Today, at the Federal Open Market Committee meeting, Ben Bernanke held his second ever press conference. The outlook as presented by the Chairmen, as diluted and unrealistic as it was, caused markets to finish off in the red as even the most bullish traders were given reason to worry.
Probably the most notable acknowledgment on the part of Bernanke was his admission that recent negative economic data may not be temporary which is an extension of admitting that he does not have all the answers. This acknowledgment was supplemented in a downgrade in economic growth forecasts for the rest of 2011 and 2012. As per A.A.: "The first step is admitting you have a problem."
However, given Bernanke and the Fed's track record I doubt they will ever get past that first step. What is more likely in the cards is their stating that the previous admission was erroneous. Indications that lead me to believe this are prevalent in supplemental statements made by the Chairman...
Firstly, the FOMC voted unanimously to keep interest rates at their artificially low rate at 0-.25%. Instinctively, the reason for keeping rates low is to encourage spending and disincentive savings. This is a reversion back to the fallacious Keynensian, demand-side philosophy that believes that spending is the way to revitalize an economy. Bernanke gloated that this policy, coupled with Quantitative Easing (purchases of bank assets resulting in an expansion of money supply), proved successful in combating deflation.
However, this characterizing of deflation as demonic is also in line with demand-side economics that believes an increase in savings is detrimental to the economy. This is obviously wrong as an increase in savings will translate into an increase in funds available for investment which would then send signals to producers and business to provide long-term items. In other words, an increase in savings, coupled with a genuine interest rate, would tell businesses to lessen supplies in items like TVs and concentrate in longer term items like manufacturing and industry. The increase in future income would then generate an increase in future spending, which Keynesians just love so much.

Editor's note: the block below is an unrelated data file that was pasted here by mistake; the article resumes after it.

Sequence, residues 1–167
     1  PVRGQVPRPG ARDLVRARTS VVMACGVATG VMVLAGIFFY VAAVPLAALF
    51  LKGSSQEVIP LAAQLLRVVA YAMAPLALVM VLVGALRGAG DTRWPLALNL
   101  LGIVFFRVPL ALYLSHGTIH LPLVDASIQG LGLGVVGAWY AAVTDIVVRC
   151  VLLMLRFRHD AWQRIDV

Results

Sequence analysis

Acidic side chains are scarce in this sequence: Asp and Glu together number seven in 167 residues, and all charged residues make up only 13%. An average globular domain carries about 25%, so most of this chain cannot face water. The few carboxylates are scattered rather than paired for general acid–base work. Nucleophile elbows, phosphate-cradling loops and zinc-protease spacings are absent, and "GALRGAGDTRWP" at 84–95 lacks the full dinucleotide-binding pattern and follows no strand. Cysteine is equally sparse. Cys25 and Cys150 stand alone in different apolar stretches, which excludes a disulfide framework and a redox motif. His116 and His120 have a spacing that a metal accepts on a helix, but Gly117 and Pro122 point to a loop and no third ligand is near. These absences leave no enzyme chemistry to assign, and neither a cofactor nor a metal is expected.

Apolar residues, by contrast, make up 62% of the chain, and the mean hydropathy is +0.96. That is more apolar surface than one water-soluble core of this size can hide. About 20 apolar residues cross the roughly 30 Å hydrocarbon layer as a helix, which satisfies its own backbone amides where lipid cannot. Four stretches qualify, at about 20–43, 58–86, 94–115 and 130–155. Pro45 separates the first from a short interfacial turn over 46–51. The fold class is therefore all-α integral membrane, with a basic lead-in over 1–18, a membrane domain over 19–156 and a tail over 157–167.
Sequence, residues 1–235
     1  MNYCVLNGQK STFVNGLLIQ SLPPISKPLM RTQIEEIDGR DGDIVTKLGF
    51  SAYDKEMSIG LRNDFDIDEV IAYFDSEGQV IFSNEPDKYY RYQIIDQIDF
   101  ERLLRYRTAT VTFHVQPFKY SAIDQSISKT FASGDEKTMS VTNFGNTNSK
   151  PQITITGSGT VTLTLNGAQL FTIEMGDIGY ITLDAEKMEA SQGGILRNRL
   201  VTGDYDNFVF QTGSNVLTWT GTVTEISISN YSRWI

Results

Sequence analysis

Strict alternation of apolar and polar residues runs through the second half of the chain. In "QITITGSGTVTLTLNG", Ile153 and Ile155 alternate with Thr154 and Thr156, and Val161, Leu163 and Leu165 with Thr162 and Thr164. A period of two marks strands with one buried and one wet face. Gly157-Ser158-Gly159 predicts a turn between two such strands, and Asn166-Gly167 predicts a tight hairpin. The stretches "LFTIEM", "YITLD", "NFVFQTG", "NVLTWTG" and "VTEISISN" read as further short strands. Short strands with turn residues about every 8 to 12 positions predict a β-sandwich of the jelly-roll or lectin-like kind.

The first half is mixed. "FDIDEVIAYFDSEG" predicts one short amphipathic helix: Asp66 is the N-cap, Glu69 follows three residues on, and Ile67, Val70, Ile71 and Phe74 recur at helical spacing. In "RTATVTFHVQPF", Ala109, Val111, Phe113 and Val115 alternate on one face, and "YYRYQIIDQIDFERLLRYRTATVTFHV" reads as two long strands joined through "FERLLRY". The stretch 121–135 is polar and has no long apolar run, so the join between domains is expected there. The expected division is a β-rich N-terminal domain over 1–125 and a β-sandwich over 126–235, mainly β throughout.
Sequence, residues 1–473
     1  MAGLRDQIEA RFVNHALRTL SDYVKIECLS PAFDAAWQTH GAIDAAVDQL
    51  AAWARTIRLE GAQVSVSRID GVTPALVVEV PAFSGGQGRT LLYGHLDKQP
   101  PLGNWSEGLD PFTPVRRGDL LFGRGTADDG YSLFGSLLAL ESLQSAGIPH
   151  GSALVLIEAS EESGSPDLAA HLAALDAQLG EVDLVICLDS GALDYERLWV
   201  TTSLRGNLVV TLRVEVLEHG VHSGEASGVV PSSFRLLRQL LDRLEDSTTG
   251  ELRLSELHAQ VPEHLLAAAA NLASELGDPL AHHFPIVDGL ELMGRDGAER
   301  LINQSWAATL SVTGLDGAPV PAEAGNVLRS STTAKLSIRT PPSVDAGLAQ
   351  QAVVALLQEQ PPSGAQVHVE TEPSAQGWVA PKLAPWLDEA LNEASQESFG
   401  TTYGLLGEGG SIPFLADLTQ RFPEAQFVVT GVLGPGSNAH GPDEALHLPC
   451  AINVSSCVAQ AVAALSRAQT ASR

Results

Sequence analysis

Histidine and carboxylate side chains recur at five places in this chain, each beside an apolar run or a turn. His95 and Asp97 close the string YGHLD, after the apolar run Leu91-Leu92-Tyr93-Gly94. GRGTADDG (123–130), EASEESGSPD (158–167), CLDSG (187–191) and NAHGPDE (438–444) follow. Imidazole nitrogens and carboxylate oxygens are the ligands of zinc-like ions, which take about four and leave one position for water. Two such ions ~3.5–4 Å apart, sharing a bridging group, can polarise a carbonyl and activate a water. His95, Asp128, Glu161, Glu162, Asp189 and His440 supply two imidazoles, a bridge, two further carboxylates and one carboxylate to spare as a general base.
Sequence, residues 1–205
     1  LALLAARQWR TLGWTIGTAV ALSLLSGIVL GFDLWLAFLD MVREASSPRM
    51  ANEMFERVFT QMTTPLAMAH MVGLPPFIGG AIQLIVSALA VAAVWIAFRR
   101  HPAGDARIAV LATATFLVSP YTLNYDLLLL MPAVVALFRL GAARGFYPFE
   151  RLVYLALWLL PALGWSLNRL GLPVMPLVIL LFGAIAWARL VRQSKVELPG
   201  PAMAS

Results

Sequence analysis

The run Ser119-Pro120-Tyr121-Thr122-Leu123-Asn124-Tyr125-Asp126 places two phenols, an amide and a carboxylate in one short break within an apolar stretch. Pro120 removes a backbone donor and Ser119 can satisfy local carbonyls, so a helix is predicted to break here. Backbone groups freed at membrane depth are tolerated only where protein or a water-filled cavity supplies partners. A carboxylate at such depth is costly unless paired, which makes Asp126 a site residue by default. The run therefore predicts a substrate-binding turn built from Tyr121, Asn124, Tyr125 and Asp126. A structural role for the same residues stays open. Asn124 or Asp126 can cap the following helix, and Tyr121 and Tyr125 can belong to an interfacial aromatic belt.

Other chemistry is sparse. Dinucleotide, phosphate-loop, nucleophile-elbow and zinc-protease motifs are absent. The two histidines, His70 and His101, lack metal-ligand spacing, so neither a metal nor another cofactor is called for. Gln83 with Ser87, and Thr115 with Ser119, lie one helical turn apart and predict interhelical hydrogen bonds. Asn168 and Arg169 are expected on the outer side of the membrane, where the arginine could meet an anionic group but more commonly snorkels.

For more on "The Blessings of Deflation" I refer you to this informative article by Lew Rockwell.
Also, despite what the talking heads keep espousing, Bernanke himself has not ruled out future purchasing of securities, or QE3. This is crucial. As the economy continues to deteriorate, underlined by an unstable housing market, the Fed will be under more and more pressure to step in and intervene. This could probably take place later this year when the Fed meets in September, right before the holiday season, to ensure consumer spending during the holidays are somewhat acceptable macroeconomically, to Keynesians at least.
Another reason that would justify further easing is an agreement to raise the debt ceiling that does not include any REAL spending cuts while including notable tax cuts. This combination of same or greater spending by the government and a decrease in revenue can pave the way for further money printing, by way of asset purchasing, to cover the increasing debt.
Also, notable was the lack of acknowledgement of the perpetually struggling housing market. As is common knowledge, housing is a crucial element when taking into account macroeconomic forecasts. The housing crisis was the underlying element that triggered the financial crisis. But you didn't hear Bernanke give it anymore than a minute of his time when he seemed to downplay its concerns in the long run.
Bernanke also doesn't seem to appreciate the fact that there is no solving the ongoing eurozone crisis caused by the PIIGS (Portugal, Italy, Ireland, Greece, Spain). And the effects of a eurozone crisis will undoubtedly be negative globally.
So, as you can see, despite some honesty in admitting a slowdown in the economy, Bernanke still hasn't realized, or doesn't wish to acknowledge, the greater problems that still exist which will inevitably deepen the ongoing Great Recession.